Flocabulary Celebrates 50 Years Of Hip-hop

Celebrate 50 Years of Hip-Hop

To celebrate hip-hop’s 50th anniversary, Flocabulary is releasing a five-part “50 Years of Hip-Hop” video series throughout the week of August 7-11. Each day of the week, a new section of the song will be posted, building up to a full song and an explainer video to be released on Thursday, August 10th, in the evening. We will update this blog post daily with each section, so be sure to bookmark this page and check back as the week progresses!

When is the 50th anniversary of hip-hop, and why should it be celebrated?

August 11, 2023, marks 50 years since hip-hop was born. On this date in 1973, DJ Kool Herc hosted a “Back to School Jam” at 1520 Sedgwick Avenue in the Bronx. Using two copies of the same record and two turntables, Herc played instrumental breaks of songs over and over. When the break finished on one turntable, he quickly switched the signal to the other to play it again. This created a loop of music that gave “break boys” and “break girls” more time to dance. It also gave Herc a rhythmic canvas for his announcements on the mic—a stylistic approach to hosting that opened the door for what we now know as rapping. Hip-hop was born.

Here at Flocabulary, we owe everything to that party in the Bronx, so to celebrate hip-hop’s 50th anniversary, we’ve decided to tell the story of hip-hop the best way we know how: through hip-hop. Over the course of the week ending on August 11th, we will be releasing a five-part history of hip-hop piece-by-piece. This will all lead up to Thursday, August 10th, when we will release the full song on Flocabulary. We’ll also release a “50 Years of Hip-Hop Unpacked” explainer video hosted by one of our Flocabulary rappers.

Join us for our Youtube Live on August 7th at 5 pm ET as Flocabulary celebrates 50 years of hip-hop! 🔥

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Hip-hop history

Flocabulary's 50 Years of Hip-Hop video lesson cover

Condensing 50 years of history into a single song is a tall task. Our team has spent the last few months researching, working with lyricists, recording verses, and creating visuals to celebrate this important occasion. Still, we could never claim to have covered everything. What we have created is a timeline and narrative of major milestones in the development, growth, and evolution of hip-hop culture.

Our history of hip-hop starts with its origins in the 1970s as well as the formation of hip-hop’s five pillars. While hip-hop may be used interchangeably with rap today, MCing is just one part of the full picture. The five pillars comprising hip-hop are DJing, break dancing, MCing, graffiti, and knowledge—knowledge of self, surroundings, and hip-hop’s history. Through these key aspects of hip-hop, the culture spread—at first from the Bronx to the rest of New York City, then later throughout the US and eventually the world.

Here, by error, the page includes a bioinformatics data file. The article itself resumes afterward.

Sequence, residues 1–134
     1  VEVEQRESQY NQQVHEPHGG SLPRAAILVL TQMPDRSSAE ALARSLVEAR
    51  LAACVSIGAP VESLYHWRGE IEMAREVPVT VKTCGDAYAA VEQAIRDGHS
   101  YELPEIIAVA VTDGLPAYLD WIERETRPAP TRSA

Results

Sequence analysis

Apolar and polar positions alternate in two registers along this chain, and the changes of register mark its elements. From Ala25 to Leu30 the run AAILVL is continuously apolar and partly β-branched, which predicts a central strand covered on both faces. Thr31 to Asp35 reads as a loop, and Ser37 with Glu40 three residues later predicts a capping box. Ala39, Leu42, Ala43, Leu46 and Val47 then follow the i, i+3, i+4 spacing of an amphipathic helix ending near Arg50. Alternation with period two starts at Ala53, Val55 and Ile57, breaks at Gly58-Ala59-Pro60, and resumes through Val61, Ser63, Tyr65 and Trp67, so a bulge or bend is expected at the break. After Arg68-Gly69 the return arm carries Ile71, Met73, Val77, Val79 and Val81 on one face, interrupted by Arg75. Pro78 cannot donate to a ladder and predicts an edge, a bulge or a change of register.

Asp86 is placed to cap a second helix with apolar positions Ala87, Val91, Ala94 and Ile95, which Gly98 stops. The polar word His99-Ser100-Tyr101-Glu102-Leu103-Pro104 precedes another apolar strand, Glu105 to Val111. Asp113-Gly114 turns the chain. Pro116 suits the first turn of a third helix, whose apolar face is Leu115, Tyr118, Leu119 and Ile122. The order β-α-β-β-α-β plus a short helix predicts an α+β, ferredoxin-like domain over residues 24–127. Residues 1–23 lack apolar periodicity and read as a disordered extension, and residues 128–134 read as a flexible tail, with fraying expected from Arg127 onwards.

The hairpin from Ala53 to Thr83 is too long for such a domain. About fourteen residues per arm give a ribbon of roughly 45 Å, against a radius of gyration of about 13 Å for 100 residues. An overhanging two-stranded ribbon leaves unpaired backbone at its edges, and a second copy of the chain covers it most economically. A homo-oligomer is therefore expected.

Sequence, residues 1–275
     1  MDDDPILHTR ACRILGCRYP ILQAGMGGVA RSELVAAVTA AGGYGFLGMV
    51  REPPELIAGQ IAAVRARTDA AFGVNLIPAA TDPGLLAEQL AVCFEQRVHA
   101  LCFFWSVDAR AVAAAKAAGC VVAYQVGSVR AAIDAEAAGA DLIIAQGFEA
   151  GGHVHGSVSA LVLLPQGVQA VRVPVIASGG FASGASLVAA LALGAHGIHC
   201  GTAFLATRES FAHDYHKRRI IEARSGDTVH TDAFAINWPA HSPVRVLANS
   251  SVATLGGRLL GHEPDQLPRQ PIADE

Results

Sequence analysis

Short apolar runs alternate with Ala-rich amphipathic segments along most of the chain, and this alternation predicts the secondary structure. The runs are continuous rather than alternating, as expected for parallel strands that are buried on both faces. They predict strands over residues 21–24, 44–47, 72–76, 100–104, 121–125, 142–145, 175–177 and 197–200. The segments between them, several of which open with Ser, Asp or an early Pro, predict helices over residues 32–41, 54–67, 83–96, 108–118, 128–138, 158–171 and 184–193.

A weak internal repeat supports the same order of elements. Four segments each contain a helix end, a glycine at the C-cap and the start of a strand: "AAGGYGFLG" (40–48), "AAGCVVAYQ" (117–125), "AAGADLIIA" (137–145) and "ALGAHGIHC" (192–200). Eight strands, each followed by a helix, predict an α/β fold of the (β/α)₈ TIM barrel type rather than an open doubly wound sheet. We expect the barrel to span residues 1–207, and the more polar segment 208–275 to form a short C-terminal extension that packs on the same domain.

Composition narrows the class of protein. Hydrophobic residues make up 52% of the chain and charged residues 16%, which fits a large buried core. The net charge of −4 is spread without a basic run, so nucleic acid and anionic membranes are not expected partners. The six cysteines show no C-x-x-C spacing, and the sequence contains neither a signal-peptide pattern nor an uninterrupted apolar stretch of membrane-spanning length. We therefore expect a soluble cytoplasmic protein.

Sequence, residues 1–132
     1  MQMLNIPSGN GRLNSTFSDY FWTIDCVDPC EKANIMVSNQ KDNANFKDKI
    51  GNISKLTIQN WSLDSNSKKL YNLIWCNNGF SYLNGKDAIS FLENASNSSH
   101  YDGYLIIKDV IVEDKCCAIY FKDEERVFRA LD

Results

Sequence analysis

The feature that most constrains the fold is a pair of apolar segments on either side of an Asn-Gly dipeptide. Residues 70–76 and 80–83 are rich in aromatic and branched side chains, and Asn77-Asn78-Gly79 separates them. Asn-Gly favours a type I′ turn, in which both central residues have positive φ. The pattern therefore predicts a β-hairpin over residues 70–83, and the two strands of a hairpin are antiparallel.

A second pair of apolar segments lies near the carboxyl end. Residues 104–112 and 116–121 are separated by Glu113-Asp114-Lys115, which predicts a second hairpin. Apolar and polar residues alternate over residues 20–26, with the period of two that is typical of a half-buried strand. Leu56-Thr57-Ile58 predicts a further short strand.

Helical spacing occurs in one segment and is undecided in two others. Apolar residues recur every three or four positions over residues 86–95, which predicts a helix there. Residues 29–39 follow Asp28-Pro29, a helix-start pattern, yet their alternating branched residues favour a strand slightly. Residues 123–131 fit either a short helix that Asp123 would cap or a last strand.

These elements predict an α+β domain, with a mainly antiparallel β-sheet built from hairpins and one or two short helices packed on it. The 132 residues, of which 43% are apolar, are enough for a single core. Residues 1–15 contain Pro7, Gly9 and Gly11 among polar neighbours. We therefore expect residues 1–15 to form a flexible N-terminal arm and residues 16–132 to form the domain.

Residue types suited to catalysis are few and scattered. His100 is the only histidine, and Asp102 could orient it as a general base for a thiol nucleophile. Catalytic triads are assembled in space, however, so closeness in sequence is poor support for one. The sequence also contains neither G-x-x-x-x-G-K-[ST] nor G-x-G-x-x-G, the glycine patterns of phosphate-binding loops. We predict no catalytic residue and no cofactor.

At Flocabulary, it’s important to us to celebrate hip-hop in its entirety. While rapping and music production are most obviously related to our content, our connection to the other pillars flows through. Our video visuals and art are directly inspired by the music they’re matching—much like the close relationship between music and graffiti. It’s our sincere hope that at least some of our songs get students dancing, and of course, it all comes back to knowledge. This is why for hip-hop’s 50th anniversary, it’s only right we celebrate what we love so much and share the story of hip-hop as best we can.

Part 1: Origins (1973-1979)

Throughout the mid-1970s, DJ Kool Herc’s techniques spread to house parties and outdoor gatherings across New York City. Young Black and Latine people began shaping the five pillars. DJs like Grandmaster Flash and Grand Wizzard Theodore expanded upon Herc’s style, while MCs like Coke La Rock and members of groups like the Furious Five and Cold Crush Brothers rocked the mic. Breakbeats dubbed onto cassettes helped spread hip-hop, allowing MCs, b-boys, and b-girls to show their skills in school yards and neighborhood streets. At the time, MCing was strictly a live, in-person experience—a fact that would soon change when hip-hop caught the attention of the music industry.

Part 2: On Wax (1979-1987)

In 1979, the first commercially released hip-hop record came out: “Rapper’s Delight” by Sugarhill Gang. The song charted in the Top 40, pushing the genre into the spotlight and MCs into the studio. Early ’80s dance tracks like Kurtis Blow’s “The Breaks” were complemented by socially conscious songs like “The Message” by Grandmaster Flash and the Furious Five. Movies like Wild Style, Style Wars, and Beat Street showcased hip-hop culture to a widening audience.

Eventually, looped breaks were replaced by drum machines and synthesizers as the old school gave way to the new school in the mid-’80s. Artists like Run DMC, LL Cool J, The Beastie Boys, and Public Enemy became rap celebrities, while producers like Rick Rubin and The Bomb Squad embraced sampling like never before.

Part 3: Expansion (1987-1997)